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The Paideia Archive: Twentieth World Congress of Philosophy

Volume 3, 1998

Ancient Philosophy

John J. Cleary
Pages 79-84

Mathematics as Paideia in Proclus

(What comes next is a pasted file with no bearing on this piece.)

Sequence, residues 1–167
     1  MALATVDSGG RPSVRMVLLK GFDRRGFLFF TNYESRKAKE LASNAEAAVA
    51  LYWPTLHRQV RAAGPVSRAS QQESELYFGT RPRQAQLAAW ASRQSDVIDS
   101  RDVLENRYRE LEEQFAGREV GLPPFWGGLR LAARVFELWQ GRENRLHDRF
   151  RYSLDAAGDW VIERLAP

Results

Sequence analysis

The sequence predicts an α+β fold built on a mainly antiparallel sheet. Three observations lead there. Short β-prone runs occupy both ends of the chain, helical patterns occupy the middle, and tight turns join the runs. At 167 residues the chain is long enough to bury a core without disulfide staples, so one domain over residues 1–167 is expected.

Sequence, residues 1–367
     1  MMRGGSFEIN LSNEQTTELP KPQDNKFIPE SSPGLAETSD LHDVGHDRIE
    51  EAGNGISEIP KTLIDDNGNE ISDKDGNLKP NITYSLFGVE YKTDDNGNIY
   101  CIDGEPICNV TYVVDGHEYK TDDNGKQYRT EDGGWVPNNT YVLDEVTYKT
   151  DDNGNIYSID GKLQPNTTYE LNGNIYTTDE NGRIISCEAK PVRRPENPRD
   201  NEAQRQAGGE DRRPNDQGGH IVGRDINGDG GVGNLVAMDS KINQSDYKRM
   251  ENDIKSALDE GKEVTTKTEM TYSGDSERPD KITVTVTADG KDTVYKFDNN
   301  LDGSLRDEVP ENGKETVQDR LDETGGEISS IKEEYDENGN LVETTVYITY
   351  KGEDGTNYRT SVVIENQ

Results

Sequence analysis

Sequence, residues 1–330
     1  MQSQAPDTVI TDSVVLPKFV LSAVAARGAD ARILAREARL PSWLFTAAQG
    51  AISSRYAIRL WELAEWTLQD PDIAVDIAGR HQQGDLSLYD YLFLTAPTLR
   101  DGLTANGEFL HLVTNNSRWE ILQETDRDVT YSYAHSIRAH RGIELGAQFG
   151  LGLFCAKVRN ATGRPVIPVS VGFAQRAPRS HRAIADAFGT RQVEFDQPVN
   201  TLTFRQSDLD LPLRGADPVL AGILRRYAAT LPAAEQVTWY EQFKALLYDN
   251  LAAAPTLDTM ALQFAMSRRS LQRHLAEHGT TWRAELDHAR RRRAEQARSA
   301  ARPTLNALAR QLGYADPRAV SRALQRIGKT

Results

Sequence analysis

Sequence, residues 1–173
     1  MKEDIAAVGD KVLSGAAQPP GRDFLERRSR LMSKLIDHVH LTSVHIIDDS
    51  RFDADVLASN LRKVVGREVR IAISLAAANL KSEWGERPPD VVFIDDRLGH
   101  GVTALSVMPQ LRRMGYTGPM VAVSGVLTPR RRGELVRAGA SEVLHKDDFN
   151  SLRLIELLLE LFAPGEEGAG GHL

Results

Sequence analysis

I examine one aspect of the central role which mathematics plays in Proclus's ontology and epistemology, with particular reference to his Elements of Theology. I focus on his peculiar views about the ontological status of mathematical objects and the special faculties of the soul that are involved in understanding them. If they are merely abstract objects that are "stripped away" from sensible things, then they are unlikely to reorient the mind towards the intelligible realm, as envisioned by Plato in the Republic. Thus, in order to defend the function of mathematics as a prodaideutic to dialectic, Proclus rejects Aristotelian abstractionism in favor of an elaborate account in terms of Nous projecting images of its Forms through the medium of the imagination. In metaphorical terms, he replaces the Aristotelian image of the soul as a blank tablet with that of a tablet that has always been inscribed and is always writing itself, while also being written on by Nous. The mediating function of mathematics for understanding the higher realities is grounded in the fact that its central principles of Limit and Unlimited have a universal provenance in Proclus's whole system of reality.

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